Sunday, October 29, 2017

Section: 38
Hours: 4

I continued working on getting a snug fit for the rear window. I got out of sync with the manual construction steps and installed some brackets on the roll over bar that now interfered with the forward lower corners of the window. I marked and notched the corners to allow the window to fit over the clips.

Saturday, October 28, 2017

Section: 38
Hours: 6

Today warmed up nicely with no wind. Perfect for painting. I set up the saw horses on the driveway and shot the Stewart Systems Dawn Patrol Gray EcoCrylic paint on the inside of the canopy frame.

Friday, October 27, 2017

Section: 28
Hours: 4

I worked on getting the canopy frame assembled as far as possible and prepped it for painting. Tomorrow is supposed to be warm so it will be a good time to get the paint on.

Thursday, October 26, 2017

Section: 38
Hours: 4

Another RV-14 builder in my area visited my project a couple times and is making great progress on his project. He inspired me to get out to the garage. While the weather is still warm I decided I should tackle the plexiglass and get some painting done.

I centered up the rear window, clamped it in place and marked the cut out notch at the back where it fits around the top brace. I used the dremel to make and smooth the cut.

Thursday, October 5, 2017

Friday, April 14, 2017

Section: Avionics
Hours: 30

April 4 I got notice from SteinAir that they had gotten down the queue to my project and were ready to start. Over the next couple weeks we finalized the layout of the panel and worked out the details. It took 5 revisions to get to a final panel layout. Here is the starting point, Rev. 1:

And here is where I ended up by Rev. 5 on April 14th. I spent a lot of time trying to imagine flying behind each iteration including worrying about various failure scenarios. It is easy to get over whelmed and I won't really know if this is the right layout until I'm actually flying behind it. However, it was really great to work with the experienced designers at SteinAir who were able to steer me in the proper direction.

Friday, January 13, 2017

Section: Avionics
Hours: 40

At the start of my avionics planning I purchased and read through (multiple times...) AeroElectric Connection by Bob Nuckolls. This book is the bible for designing electrical systems for experimental aviation.  I knew I wanted to have an all electric panel (no vacuum instruments) and I do fly on instruments occasionally. To do so safely you must have a robust electrical system. After looking at the various systems illustrated in the Nuckolls book, I was inclined to go with a main battery and 2 alternators approach. The dual battery systems introduced a level of complexity (and weight) that I don't think I will need.

I was intrigued by the Vertical Power products because they implement many of the features of the circuits illustrated in the Nuckolls book but with microprocessor controlled solid state busses.
I spent quite a bit of time trying out different configurations of equipment using the VP-X planner software. I quickly discovered that for an IFR panel there are not enough circuits in the VP-X Sport so I moved on to the VP-X Pro. To use the planner software you first have to make an entry for each piece of equipment and specify the current draw. Then you can assign the equipment to the A or B bank, keeping in mind how the panel would operate if either bank fails. You can also assign equipment to panel switches. The planner then spits out a wiring diagram. Doing the layout exercise helped me refine my equipment list and prepared me for discussions with SteinAir.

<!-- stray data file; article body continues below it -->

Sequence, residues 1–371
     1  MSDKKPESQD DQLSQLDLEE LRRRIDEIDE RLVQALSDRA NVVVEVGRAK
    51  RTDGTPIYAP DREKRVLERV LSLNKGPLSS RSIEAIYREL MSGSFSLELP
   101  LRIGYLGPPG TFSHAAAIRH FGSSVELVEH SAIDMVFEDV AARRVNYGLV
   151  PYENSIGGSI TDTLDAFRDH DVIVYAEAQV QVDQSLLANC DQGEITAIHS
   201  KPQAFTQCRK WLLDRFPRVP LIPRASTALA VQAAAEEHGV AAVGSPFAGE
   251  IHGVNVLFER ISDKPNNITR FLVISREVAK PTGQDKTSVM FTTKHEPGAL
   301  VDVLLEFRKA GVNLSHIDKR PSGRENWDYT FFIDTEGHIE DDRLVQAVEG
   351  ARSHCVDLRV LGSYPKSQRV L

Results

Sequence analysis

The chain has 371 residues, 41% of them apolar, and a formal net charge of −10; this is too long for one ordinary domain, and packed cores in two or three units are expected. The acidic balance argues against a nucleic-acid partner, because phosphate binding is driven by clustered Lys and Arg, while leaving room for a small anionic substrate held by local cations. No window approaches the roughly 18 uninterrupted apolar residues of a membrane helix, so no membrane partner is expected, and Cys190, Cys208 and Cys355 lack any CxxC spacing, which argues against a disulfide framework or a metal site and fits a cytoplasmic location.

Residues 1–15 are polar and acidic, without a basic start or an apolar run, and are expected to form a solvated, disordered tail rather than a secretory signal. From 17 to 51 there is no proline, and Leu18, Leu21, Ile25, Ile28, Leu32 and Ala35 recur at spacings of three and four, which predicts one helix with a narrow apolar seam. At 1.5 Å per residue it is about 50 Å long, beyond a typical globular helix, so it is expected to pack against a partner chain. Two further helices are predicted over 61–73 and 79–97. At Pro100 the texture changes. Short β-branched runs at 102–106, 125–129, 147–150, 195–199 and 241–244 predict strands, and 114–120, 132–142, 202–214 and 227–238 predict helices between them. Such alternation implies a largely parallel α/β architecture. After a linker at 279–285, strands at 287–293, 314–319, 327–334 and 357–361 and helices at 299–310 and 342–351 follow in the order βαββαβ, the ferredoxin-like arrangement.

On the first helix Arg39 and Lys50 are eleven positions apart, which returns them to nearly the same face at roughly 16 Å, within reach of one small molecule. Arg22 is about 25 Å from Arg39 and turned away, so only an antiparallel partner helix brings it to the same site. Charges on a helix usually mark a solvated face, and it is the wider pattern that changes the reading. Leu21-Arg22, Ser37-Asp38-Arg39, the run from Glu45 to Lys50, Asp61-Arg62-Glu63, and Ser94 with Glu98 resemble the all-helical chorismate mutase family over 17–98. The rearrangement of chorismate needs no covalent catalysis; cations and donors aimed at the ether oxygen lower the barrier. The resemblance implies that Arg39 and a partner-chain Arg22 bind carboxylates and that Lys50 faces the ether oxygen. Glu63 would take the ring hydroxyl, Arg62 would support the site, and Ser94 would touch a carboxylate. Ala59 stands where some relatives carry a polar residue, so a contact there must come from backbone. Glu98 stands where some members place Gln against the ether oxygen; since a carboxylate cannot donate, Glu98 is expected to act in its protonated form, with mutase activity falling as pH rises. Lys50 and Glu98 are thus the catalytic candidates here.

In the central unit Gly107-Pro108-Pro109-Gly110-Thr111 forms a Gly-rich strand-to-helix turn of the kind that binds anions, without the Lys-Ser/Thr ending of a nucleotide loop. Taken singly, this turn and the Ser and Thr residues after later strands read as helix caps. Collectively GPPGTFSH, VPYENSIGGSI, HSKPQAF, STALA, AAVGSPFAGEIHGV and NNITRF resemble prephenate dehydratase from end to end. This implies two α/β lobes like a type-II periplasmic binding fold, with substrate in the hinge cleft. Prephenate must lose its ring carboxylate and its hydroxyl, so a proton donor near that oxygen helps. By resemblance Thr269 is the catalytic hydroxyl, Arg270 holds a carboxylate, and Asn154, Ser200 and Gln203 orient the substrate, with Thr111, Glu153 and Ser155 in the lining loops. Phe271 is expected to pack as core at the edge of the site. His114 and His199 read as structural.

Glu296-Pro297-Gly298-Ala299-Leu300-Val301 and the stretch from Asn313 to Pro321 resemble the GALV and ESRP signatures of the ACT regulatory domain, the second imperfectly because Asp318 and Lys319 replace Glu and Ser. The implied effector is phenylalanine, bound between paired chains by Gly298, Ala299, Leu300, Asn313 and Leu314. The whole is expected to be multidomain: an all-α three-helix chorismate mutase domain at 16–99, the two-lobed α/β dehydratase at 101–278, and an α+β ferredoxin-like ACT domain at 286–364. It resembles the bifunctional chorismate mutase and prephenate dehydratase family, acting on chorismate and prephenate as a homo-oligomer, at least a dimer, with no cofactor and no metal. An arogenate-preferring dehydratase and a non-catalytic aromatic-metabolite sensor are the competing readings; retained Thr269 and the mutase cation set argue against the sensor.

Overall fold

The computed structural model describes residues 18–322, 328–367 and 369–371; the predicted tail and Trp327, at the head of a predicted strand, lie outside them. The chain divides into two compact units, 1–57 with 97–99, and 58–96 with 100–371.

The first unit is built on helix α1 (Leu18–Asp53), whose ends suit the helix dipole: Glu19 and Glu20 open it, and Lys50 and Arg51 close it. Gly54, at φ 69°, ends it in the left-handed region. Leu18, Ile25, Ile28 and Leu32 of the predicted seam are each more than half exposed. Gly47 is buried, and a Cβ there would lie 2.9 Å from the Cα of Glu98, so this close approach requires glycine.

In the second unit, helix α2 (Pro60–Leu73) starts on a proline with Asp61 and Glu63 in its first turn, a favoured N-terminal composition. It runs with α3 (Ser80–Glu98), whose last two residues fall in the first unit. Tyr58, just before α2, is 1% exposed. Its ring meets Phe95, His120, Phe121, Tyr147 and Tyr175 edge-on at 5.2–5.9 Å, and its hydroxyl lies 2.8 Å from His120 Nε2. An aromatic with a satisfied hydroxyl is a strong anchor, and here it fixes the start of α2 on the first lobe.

I read through the tutorials on the Vertical Power site and read Aircraft Wiring Guide by Marc Ausman to get a better handle on how to configure the electrical system.

Here is the initial layout that I arrived at before starting discussions with SteinAir.

It took about a week of back and forth discussions with SteinAir to settle on an equipment list and to get the initial purchase order.

Sunday, January 8, 2017

Started work on panel planning. I decided to go with a dual Garmin G3X 10" touch display system with a G5 backup display. A Vertical Power VPX Pro will control the circuits and dual alternator based electrical system. A TCW backup battery will provide electrical redundancy for a G3X display and critical circuits. The G5 display has a separate backup battery also.

The center radio stack will include a GTN-650 nav/com/gps, GMC307 auto pilot controller, GTR-200 com and GMA-245 audio panel. The arrangement I came up with will require cutting the sub panel through hole a little deeper to accommodate the GTR-200, but I don't think it will be a major deal breaker.

Although the G3X can display and manage the 2nd com, I decided to put the 2nd com radio in the center stack to have an extra set of buttons and display. My thinking is that it affords some redundancy and I've found that when flying formation, the radio ops are always a challenge and having a dedicated radio panel in the center might help out with situational awareness. That's my theory anyway, it may be different when I get to fly with it. Also, after looking at all the other boxes that need to be fit behind the panel I figure the center stack is an efficient use of space for the radio.

There are a lot of support boxes that must be located behind the panel including the GEA24 engine monitor, GSU-25 air data, GAD-29 ARINC interface, GTX-45R transponder / ADS-B, TCW backup battery and the VPX circuit controller. I cut out foam blocks to match the dimensions of all these boxes (including space for the large connectors) and fit them in the space between the front and sub panels. I plan to use swing down hinged shelving to support the GTX-45R and VPX boxes to make access easier.

Next step is to talk to SteinAir and get a quote. There goes the savings account...